Editor's note: To read Roland Martin's commentary, "For Clinton to win, she should focus on economy," click here.
Commentator Leslie Sanchez discusses what "change" means for Latino voters.
(CNN) -- The debate between Democrats Hillary Clinton of New York and Barack Obama of Illinois was long on rhetoric and -- where Hispanics are concerned -- short on reality.
The bigger loser after Thursday night's debate in Austin was Sen. Obama, not because he made any critical missteps so much as he missed the opportunity to connect with Texas Hispanics in any meaningful way.
And, as Robert Caro's multivolume biography of Lyndon Johnson reminds us, Hispanics historically hold the keys to victory, at least in party primaries.
Several Hispanics I spoke with in south Texas on Friday tell me about Hispanic Democrats who have remained reluctant to commit to Clinton. They are open to Obama's message. But these voters are wondering, as are independents and even some Republicans, what all this talk about "change" really means.
Though voters may not have a strong sense about his liberal philosophies, they seem to appreciate Obama's approachable demeanor and passion. Clinton just doesn't come close. It's like comparing a dolphin to a frozen mackerel.
Personal charisma is an important element of the American Hispanic experience. Obama's undeniable charisma, therefore, has helped to broaden his appeal, to young Latinos especially.
But Thursday night's debate had each candidate checking off the boxes on the standard list of minority entitlements while offering tired bromides aimed to strike a response chord with the victim-class. But just who are the victims?
Texas is pro-trade. Its economic well-being depends on its international ports -- on land and on sea. And it's a right-to-work state. Sen. Clinton was rewarded with an awkward silence when she said, "We're going to stop giving a penny of your money to anybody who ships a job out of Texas, Ohio or anywhere else in the country."
Really? While many may argue that NAFTA and other free-trade agreements are not perfect, it's hard to convince voters in south Texas in places like Laredo -- which has the largest inland trade port in America -- that we need a "trade time out." Clinton's proposal is a job-killer.
Gerald Schwebel, a senior vice president for IBC Bank, the state's largest Hispanic-owned bank based in Laredo, agrees.
"There is no question that trade has contributed volumes to the quality of life in Texas," he said.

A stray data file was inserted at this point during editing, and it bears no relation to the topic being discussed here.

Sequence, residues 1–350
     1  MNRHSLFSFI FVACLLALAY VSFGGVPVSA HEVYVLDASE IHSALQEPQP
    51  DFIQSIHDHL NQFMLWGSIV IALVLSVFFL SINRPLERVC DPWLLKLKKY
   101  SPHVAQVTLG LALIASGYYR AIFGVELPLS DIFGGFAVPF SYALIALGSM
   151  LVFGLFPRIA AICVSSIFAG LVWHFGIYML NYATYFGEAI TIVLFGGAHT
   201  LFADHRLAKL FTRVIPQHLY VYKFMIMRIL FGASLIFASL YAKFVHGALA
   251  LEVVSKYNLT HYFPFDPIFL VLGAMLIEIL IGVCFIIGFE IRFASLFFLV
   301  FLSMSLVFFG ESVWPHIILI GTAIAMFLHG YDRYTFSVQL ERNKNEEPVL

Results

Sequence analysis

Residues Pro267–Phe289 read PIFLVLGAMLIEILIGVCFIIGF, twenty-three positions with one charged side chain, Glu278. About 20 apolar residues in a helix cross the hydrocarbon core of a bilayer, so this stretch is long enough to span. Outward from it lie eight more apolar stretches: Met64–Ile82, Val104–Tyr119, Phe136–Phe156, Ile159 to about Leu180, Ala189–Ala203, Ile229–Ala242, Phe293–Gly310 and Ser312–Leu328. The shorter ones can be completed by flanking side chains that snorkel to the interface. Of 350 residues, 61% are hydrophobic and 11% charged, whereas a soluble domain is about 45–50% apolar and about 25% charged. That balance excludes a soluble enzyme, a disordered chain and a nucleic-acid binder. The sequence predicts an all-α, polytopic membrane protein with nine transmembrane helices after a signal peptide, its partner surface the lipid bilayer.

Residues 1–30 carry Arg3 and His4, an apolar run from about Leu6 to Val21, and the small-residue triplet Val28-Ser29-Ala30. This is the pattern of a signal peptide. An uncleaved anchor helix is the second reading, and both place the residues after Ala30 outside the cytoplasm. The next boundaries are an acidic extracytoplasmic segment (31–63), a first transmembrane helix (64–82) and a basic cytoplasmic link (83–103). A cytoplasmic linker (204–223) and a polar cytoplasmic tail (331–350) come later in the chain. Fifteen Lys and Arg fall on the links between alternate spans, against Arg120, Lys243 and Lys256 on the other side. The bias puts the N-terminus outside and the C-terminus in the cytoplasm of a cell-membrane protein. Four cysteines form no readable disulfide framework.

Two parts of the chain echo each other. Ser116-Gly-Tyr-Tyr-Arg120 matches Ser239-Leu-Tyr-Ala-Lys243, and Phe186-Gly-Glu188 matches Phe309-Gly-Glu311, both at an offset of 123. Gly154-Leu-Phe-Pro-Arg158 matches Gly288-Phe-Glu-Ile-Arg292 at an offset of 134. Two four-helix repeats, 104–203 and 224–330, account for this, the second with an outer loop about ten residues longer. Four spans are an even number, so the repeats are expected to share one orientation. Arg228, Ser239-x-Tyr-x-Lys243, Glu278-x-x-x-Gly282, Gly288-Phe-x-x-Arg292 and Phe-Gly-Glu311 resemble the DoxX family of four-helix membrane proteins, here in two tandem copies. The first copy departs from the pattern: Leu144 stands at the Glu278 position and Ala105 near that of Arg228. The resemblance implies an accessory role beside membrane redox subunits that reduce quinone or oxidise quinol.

And protecting free trade and free flow of commerce between the U.S. and Mexico has become a paramount struggle for IBC and many border communities.
Texas is also home to 20 percent of the nation's Hispanic-owned businesses, according to the U.S. Census Bureau. And the family- and community-oriented people who own these businesses, many of which classify as small businesses that pay taxes as individual rates, do not regard the Bush tax cuts as "tax breaks for the wealthiest Americans."
Letting the Bush tax cuts expire, as both Obama and Clinton have pledged to do, will be seen by these voters as a massive tax increase, not the restoration of fairness in the system.
To build a fence
These same communities hold a distinct view about building a fence. In 2006, Clinton and Obama both voted to construct a 700-mile fence along the U.S.-Mexico border. But what a difference two years -- and a presidential campaign -- make.
Polling for the nonprofit organization Let Freedom Ring, conducted in 2006 by my firm in conjunction with RT Strategies, found the overriding immigration issue for all respondents, including Hispanics, is national security.
This is especially the case for Hispanics living in border states like Texas. Among Hispanics who cite a potential nexus between terrorism and illegal immigration, 70 percent favored the construction of a southern border fence.
Hispanics living here legally know -- just like the rest of us -- how easy it is to get illegal contraband or terrorists across a porous border, and they resist mild-mannered solutions that appear weak or ill-conceived. Watch as both candidates discuss the border controversy »
Here give Obama credit for helping to tamp down the overheated rhetoric on both sides.
If the war on terrorism was the first elephant in the room no one would talk about, Cuba is the second. Fidel Castro has finally ceded power after more than 40 years of dictatorial rule, albeit to his brother Raul. Nevertheless, the U.S. needs to begin to plan for a post-Castro Cuba.
Neither Obama nor Clinton spent enough time on this. Increased trade will certainly result once U.S.-Cuba relations are eventually normalized -- meaning more jobs for Texas -- but neither seems to have a plan. Watch as Clinton and Obama take on the Cuba issue »
The 2008 election is not about "the economy, stupid," or "jobs, jobs, jobs." And if, as both Clinton and Obama suggest, though Obama does it better, the election is about "change," both candidates continue in their failure to explain in any meaningful way what that means.
And it's not just enough to convince the voters that "change" is necessary. In most every case, you need to get them to buy into what that change will be before you can get them to vote for it.
Leslie Sanchez was director of the White House Initiative on Hispanic Education from 2001 to 2003 and is the author of "Los Republicanos: Why Hispanics and Republicans Need Each Other."
The opinions expressed in this commentary are solely those of the writer. E-mail to a friend